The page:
Laura and I were late, so we paid for our parking space and rushed to the restaurant. We knew Jenny was already waiting for us, and had been for some time. We grimaced as we braced ourself against the frigid wind: the cold front had just made its way through the city, and the temperatures were rapidly falling toward the freezing mark.
As I was about to put my hand on the front door, it flew open and a small woman with a huge smile burst through the doorway. "Welcome to The Breakfast Klub! Come on in!"
I offered to let her go ahead of us, but she insisted we go through the door. "But you have no coat on!" I protested. "You shouldn't be out here! It's cold!"
She waved us through and then followed us into the restaurant. "Oh, I know, I know," she said. "I'll put a coat on in a minute. But the thing is," she continued, without lowering her voice even a little bit, "when I'm having hot flashes -- like the one I'm having now, for example? -- going outside feels goood."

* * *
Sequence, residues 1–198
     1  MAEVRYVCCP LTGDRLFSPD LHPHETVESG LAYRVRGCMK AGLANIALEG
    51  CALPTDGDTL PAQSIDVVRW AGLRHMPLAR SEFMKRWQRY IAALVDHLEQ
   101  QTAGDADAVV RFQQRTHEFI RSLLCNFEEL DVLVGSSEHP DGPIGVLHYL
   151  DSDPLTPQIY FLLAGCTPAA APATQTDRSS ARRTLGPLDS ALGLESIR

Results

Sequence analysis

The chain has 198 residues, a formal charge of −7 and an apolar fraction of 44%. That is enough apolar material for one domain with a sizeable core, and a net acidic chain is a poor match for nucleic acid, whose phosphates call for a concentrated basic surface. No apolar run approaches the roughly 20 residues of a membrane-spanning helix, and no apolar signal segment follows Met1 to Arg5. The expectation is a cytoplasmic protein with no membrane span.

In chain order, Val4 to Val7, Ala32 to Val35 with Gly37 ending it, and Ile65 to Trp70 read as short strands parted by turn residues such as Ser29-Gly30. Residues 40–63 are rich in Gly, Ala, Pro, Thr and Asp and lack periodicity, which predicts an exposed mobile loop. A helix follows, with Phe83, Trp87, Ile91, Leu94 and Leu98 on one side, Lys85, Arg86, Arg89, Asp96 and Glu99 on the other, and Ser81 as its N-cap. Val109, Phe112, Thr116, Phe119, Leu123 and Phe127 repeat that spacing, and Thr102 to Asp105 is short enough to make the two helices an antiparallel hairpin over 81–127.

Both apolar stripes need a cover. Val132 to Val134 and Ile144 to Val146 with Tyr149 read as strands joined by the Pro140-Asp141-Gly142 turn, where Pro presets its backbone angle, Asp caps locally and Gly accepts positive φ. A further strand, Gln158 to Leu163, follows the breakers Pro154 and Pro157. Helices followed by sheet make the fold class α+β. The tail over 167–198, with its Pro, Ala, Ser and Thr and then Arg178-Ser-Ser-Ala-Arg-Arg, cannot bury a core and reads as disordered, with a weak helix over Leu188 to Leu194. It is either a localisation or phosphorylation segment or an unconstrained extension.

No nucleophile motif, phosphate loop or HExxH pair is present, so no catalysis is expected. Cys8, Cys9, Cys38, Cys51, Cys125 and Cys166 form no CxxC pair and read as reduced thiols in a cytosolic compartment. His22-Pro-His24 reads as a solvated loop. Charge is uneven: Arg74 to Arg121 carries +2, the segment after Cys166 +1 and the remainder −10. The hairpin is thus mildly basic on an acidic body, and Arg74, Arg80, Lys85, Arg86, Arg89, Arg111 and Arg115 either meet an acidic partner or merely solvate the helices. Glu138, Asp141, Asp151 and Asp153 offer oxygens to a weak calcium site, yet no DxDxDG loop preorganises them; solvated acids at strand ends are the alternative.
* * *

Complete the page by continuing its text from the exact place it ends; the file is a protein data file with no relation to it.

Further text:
Laura and I looked at her with surprise, and then the three of us burst into laughter. "Now, you two been here before?" she asked, still grinning, and resting her hand lightly on my arm.
"Well, just place your order at the counter. We have eggs, waffles, ham, grits, bacon ... you can get regular coffee over there ... then we have gourmet coffees ... cappuccinos, lattes ... we have hot chocolate..."
"Stop it! You have hot chocolate?"
She smiled at me. "Yes, girl, with real whipped cream..."
"Aw, now you're talkin' ..."
"...and a swirl of extra chocolate on top ..."
"Okay, now you're just being rude."
She laughed loudly. "Well, now, y'all just go on up there and order..."
"Okay, we will, thank you," Laura and I responded.
"And by the way..." She stopped and look at us directly in our eyes, intently, mindfully. "Thanks to the both of you for just brightening my morning." Then after smiling at us warmly, she turned toward the front door to welcome the next group of customers approaching the building.
Can you imagine?
She thanked us.